You had to do something that, at first glance, seemed beyond you. Yes, exactly. That’s why I lost to Rudeus. This time he was the champion, and I was the demon king. Just like the demon kings of history, I’d sneered at the champion and treated his allies like insects. Too proud to unleash my full power, I’d been defeated. Rudeus Greyrat was a champion—a hero. It was hard to shake the impression, looking at him in the flesh, that he was just a pitiful small-timer, and so you ended up underestimating him. He did great things. They’ll surely call him a hero in ages to come. I got it wrong. I would have had to do everything in my power to crush him from the get-go if I wanted to stand a chance. Like a fool, I thought I’d knock him off without really trying because the next battle was the real one. I should have known. Ever since I was a child, I’d heard the story, over and over again, of the demon king who lost making exactly this mistake. How could I have forgotten something so simple? I wanted to go back in time and punch myself.

I was wrong, and that’s how I ended up paralyzed in a place like this.

…Was I going to die here? Maybe because I had a lot of my grandmother’s blood, I was tough. I’m not so easily destroyed, not even buried in the ground like this. Only, unlike Grandmother, I wasn’t immortal. If I stayed paralyzed like this, eventually I’d die. Either from starvation or something else. I suppose this is how it ends for a reckless fool…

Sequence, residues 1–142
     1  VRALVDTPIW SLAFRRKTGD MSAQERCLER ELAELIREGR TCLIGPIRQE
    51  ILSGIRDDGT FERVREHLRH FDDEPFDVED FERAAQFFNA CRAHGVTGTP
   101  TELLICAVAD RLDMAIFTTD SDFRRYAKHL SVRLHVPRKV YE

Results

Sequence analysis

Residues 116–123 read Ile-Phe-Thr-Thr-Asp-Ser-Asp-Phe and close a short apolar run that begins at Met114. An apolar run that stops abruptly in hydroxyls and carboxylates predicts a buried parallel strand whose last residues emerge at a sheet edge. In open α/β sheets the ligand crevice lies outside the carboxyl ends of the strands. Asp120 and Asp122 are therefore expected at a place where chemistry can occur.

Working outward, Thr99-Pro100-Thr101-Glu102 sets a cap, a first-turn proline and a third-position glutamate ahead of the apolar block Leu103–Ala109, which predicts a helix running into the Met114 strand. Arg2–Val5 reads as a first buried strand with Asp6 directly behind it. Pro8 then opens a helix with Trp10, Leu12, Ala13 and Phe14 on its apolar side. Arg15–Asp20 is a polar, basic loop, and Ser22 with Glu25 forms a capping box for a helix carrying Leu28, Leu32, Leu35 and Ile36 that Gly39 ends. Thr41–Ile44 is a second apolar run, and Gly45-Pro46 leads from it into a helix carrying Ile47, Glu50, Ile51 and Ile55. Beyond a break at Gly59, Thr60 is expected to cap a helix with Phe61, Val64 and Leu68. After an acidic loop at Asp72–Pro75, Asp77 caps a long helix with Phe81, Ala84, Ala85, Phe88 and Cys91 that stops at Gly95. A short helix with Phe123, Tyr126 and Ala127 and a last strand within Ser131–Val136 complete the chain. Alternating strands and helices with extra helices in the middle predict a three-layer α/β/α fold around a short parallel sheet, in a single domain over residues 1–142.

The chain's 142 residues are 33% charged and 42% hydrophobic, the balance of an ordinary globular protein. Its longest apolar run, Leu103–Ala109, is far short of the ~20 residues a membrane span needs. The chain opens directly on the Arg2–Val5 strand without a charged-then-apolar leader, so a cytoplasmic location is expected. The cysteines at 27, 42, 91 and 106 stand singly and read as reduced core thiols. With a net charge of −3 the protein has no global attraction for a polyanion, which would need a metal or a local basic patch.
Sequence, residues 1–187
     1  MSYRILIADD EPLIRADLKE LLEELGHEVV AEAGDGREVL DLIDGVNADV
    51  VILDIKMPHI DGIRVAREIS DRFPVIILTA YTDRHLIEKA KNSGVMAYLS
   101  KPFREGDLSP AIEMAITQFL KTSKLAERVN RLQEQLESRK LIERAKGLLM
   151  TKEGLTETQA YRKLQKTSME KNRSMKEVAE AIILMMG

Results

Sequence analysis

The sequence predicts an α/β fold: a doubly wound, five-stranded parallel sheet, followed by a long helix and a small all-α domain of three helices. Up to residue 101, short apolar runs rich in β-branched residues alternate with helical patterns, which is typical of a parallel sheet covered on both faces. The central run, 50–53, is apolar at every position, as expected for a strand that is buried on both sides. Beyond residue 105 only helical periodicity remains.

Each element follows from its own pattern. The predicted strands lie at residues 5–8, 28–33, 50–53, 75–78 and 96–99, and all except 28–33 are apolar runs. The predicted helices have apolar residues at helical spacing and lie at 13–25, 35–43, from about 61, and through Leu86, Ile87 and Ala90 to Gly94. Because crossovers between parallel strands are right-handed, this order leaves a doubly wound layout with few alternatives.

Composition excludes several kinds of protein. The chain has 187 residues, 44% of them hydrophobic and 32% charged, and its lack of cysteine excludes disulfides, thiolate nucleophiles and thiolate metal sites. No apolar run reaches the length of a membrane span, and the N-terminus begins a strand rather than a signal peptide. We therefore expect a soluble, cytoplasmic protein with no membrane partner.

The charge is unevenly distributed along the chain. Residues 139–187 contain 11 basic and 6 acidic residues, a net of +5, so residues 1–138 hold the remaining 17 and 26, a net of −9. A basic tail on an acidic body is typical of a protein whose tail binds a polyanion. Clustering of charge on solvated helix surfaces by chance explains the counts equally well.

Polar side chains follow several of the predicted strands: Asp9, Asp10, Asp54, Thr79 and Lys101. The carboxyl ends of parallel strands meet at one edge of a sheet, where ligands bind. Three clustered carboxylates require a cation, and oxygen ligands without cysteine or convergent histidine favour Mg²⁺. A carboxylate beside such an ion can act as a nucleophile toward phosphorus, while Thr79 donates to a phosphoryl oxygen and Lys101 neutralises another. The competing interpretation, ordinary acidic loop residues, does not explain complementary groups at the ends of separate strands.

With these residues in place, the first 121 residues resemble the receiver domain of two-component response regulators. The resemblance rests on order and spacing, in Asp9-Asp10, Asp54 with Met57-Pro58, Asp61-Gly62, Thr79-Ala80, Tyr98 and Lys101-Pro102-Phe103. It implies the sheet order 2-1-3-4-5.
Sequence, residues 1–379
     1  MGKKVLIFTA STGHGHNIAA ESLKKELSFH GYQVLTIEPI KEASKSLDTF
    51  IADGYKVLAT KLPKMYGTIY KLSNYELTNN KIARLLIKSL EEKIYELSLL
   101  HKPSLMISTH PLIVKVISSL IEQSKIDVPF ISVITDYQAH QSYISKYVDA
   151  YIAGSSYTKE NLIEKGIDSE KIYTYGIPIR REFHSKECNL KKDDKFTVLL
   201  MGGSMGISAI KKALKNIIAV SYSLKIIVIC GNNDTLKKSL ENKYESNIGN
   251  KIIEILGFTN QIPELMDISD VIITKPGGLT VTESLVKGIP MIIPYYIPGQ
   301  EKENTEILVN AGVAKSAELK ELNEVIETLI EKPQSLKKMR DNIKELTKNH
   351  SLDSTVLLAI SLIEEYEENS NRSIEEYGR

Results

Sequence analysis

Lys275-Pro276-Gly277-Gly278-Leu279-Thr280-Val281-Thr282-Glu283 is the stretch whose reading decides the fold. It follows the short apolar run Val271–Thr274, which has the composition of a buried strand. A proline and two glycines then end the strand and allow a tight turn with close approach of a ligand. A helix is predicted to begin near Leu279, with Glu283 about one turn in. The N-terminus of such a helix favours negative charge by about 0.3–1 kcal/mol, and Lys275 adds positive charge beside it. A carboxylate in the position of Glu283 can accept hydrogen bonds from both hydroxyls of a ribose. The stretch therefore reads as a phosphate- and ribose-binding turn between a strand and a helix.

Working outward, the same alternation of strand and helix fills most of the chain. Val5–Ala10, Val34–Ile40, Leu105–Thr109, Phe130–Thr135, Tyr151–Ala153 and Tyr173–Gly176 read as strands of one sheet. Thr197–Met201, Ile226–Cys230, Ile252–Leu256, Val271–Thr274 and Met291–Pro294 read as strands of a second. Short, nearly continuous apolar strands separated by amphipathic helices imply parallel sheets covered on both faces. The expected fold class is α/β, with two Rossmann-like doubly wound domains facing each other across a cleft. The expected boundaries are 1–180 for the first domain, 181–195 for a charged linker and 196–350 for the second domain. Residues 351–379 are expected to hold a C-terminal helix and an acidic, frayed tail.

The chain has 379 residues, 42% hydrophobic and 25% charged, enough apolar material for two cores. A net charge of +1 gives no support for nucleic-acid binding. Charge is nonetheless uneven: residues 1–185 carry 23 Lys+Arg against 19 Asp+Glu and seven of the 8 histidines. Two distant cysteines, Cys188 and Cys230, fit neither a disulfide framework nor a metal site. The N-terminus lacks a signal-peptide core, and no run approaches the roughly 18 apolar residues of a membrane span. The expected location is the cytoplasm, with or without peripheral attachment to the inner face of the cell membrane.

“I don’t want to die…”

It’s well enough to die when you’re defeated. I could accept it. That’s the nature of battle. I tried to always accept my death—but only after I’d fought with everything I had. I hadn’t done that. I hadn’t been serious. That wouldn’t happen next time. Next time, I wouldn’t hold back. I’d fight with my full strength from start to finish. I’d do my utmost in every battle, like a champion, like a hero, like a man worthy of the name North God Kalman. I swore it on my sword, on the gods, on my grandfather, the great First North God Kalman.

So someone, please. Find a way to give me another chance.

Even as I kept wishing that, over and over again, I felt my consciousness fading…